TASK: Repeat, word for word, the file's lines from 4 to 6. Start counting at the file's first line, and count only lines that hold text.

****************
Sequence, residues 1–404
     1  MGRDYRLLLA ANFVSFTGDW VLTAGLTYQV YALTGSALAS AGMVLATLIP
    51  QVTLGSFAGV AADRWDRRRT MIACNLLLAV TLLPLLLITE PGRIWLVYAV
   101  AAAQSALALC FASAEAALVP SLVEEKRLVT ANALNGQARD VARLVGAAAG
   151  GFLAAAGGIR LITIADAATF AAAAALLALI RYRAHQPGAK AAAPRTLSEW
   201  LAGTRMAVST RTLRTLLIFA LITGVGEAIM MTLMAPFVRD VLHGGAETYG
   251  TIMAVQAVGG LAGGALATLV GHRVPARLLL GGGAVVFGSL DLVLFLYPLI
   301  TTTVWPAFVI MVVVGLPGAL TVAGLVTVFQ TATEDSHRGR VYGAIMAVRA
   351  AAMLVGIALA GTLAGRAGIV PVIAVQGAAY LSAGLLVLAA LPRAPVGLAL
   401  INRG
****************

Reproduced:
   101  AAAQSALALC FASAEAALVP SLVEEKRLVT ANALNGQARD VARLVGAAAG
   151  GFLAAAGGIR LITIADAATF AAAAALLALI RYRAHQPGAK AAAPRTLSEW
   201  LAGTRMAVST RTLRTLLIFA LITGVGEAIM MTLMAPFVRD VLHGGAETYG